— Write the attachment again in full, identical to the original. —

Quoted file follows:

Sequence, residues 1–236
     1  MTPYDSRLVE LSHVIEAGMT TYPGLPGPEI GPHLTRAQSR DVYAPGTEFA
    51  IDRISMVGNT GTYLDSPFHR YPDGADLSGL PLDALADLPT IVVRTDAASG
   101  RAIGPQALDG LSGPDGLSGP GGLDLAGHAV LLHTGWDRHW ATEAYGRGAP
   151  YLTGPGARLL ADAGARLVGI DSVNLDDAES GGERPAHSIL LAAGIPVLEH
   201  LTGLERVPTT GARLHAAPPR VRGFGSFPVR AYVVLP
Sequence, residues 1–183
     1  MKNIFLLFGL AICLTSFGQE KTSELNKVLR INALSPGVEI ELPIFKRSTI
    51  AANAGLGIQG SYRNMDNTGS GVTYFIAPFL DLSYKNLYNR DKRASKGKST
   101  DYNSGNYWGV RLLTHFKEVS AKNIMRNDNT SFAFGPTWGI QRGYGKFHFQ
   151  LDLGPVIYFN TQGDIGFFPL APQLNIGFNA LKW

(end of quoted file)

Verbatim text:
Sequence, residues 1–236
     1  MTPYDSRLVE LSHVIEAGMT TYPGLPGPEI GPHLTRAQSR DVYAPGTEFA
    51  IDRISMVGNT GTYLDSPFHR YPDGADLSGL PLDALADLPT IVVRTDAASG
   101  RAIGPQALDG LSGPDGLSGP GGLDLAGHAV LLHTGWDRHW ATEAYGRGAP
   151  YLTGPGARLL ADAGARLVGI DSVNLDDAES GGERPAHSIL LAAGIPVLEH
   201  LTGLERVPTT GARLHAAPPR VRGFGSFPVR AYVVLP
Sequence, residues 1–183
     1  MKNIFLLFGL AICLTSFGQE KTSELNKVLR INALSPGVEI ELPIFKRSTI
    51  AANAGLGIQG SYRNMDNTGS GVTYFIAPFL DLSYKNLYNR DKRASKGKST
   101  DYNSGNYWGV RLLTHFKEVS AKNIMRNDNT SFAFGPTWGI QRGYGKFHFQ
   151  LDLGPVIYFN TQGDIGFFPL APQLNIGFNA LKW